Personalize to Your Target Audience
Try to think of your branded content as more than just a series of articles – think of them as human interest stories.
Stories resonate with audiences far more than generic content. Poetry and Paint is a fantastic example of this. It is a collaboration between the TNY Studio of The New Yorker and Canada Keep Exploring and tells the stories of visual artists Bareket Kezwer and Cleo Wade.
The goal was to connect with viewers by showing them what Toronto’s most populated city in Canada means to these two creatives.
Make Quiet Voices Heard
While the industry is evolving, marketing still faces several challenges in terms of being inclusive. By providing underrepresented groups with a platform, you can position your brand and its branded content as forward-thinking and culturally engaged.
However, you need to be mindful and do a lot of careful consideration – the partnership needs to be honest, or you will turn your readers away from your branded content.
For instance, Easterseals and Variety created a very thoughtful series known as Abilities Unlimited, where they encouraged those in the entertainment industry to work with people with disabilities.
One great example of branded content is one that we mentioned earlier in this article – Red Bull’s collaboration with Felix Baumgartner. The daredevil free-dove from the stratosphere, setting a world record for the highest dive in recorded history.
Half the world tuned in to see the jump, and the event boosted Red Bull’s audience drastically. The brand received plenty of attention, and people were talking about the stunt for weeks after.
Most publishers and marketers agree that there are four main types of branded content: the ‘servicey type’, the ‘explainer type’, the ‘feature type’, and the ‘challenge type’.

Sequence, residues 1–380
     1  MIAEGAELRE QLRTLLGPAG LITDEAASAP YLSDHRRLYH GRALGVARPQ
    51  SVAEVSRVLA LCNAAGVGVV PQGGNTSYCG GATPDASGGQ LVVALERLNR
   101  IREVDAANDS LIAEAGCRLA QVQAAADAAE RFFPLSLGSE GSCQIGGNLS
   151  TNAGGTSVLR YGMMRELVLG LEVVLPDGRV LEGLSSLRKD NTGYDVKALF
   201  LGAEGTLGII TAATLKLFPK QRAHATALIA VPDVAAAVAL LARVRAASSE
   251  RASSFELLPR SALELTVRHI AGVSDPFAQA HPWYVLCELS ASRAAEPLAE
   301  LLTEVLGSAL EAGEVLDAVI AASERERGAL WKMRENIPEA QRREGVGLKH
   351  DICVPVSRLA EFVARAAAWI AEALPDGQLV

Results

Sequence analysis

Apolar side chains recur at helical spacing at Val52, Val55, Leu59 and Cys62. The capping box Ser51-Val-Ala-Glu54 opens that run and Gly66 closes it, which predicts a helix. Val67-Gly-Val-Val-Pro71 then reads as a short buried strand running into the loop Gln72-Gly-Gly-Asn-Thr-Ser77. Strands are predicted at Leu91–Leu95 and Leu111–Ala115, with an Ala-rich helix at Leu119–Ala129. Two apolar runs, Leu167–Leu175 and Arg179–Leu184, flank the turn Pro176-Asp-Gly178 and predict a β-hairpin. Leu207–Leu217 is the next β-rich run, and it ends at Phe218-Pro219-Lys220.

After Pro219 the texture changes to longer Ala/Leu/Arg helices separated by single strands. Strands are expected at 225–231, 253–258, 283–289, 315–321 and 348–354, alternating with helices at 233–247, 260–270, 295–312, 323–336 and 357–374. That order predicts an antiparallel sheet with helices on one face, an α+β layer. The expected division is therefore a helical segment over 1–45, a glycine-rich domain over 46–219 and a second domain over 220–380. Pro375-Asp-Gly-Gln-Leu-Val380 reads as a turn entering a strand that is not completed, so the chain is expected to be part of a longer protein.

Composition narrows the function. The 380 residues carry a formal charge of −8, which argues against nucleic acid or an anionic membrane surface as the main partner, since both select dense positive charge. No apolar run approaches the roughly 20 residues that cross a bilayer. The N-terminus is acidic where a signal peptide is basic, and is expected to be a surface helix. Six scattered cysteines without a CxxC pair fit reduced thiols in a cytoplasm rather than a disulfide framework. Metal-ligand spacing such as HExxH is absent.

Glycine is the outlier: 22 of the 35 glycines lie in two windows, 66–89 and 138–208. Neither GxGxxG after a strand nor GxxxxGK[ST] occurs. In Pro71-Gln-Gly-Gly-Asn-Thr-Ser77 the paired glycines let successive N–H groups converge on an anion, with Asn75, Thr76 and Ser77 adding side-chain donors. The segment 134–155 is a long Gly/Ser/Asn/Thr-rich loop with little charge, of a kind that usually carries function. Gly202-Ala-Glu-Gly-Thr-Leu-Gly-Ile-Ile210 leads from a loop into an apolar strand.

Servicey – This kind of content serves a utilitarian purpose. Think of headlines like Subverting Beauty Stereotypes With Makeup – Brought to you by Maybelline, or The Best Places to Watch Extreme Sports – Brought to you by Red Bull. This type includes some of the most-watched content out there, and you’ll also find lots of influencer marketing here.
Explainer – This kind of content is meant to be educational. Some good headline examples include The History of Designer Fashion – Brought to you by Gucci, or Why Flip-Phones Are Making a Comeback – Brought to you by Samsung.
Feature – Feature content is meant to inspire. Think of headlines like Dream Beach Getaways in the Caribbean – Brought to you by Smartwater, and 10 Powerful Women Thriving in Tech – Brought to you by Bumble.
Challenge – This content type is meant to be entertainment. Some examples could be I Lived in a Smart Home for a Week – Brought to you by Google or I Went Vegan for a Month – Brought to you by Beyond Meat.
A branded content package is essentially any form of branded content. It can include things like articles, videos, podcasts, and sometimes even live elements that bring relevant value to the consumer. The Billio app is an excellent example of a service that allows you to create branded content packages.